Twenty year old Levi Fuller is a soldier in the Army National Guard. He rarely got to talk to his family during the 16 months he spent in Kosovo, but his family in Lufkin was able to keep in touch with him through the Internet.
One of the web sites the Fullers regularly used to communicate with each other is now blocked by the Department of Defense for security reasons.
Sandra Fuller said, "We did check his MySpace to watch some of his videos and his pictures and to see what his conversations were with his buddies in the military. We could have immediate contact with him, keeping up with what was going on with his life. If we tried to correspond by mail, a lot of times it would be two and a half weeks before we could get anything to him."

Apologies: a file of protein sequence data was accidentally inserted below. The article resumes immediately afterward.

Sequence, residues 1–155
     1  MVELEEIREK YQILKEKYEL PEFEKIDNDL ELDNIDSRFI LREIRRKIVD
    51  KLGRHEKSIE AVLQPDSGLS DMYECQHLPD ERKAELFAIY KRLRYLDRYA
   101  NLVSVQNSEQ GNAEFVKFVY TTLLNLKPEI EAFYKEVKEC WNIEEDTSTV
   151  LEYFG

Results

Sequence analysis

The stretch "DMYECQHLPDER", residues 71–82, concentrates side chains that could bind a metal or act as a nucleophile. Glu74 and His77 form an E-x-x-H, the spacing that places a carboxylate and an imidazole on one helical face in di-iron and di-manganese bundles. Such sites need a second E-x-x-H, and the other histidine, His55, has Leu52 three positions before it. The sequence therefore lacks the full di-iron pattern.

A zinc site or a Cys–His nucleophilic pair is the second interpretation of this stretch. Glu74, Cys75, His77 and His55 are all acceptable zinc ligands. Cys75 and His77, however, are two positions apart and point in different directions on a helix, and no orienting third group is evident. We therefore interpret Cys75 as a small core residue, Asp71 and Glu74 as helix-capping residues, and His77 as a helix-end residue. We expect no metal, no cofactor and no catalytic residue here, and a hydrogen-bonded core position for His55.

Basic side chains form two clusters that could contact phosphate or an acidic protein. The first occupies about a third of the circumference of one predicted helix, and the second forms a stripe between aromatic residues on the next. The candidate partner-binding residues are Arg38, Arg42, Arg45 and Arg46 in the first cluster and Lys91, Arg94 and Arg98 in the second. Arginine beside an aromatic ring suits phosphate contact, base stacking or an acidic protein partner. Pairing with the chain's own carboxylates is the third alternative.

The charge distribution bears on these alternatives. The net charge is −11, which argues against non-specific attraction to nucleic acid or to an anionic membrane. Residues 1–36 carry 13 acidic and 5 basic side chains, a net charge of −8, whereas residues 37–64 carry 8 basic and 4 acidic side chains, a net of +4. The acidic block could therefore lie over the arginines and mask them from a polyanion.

The Department of Defense is restricting access to myspace.com, youtube.com, stupidvideos.com and nine other sites on government-owned computers. The goal is to keep military operations efficient and secure.
The block affects more than five million computers that are part of the government's global information grid. And many East Texans with loved ones overseas disagree with the decision.
"I can't understand why pictures they want to send home to their families would be a cause for national security, and frankly it's not the government's business," said Paula.
Military authorities are not reporting any problems related to Internet usage on its computers, but are addressing concerns the high demand for those sites could end up clogging the network.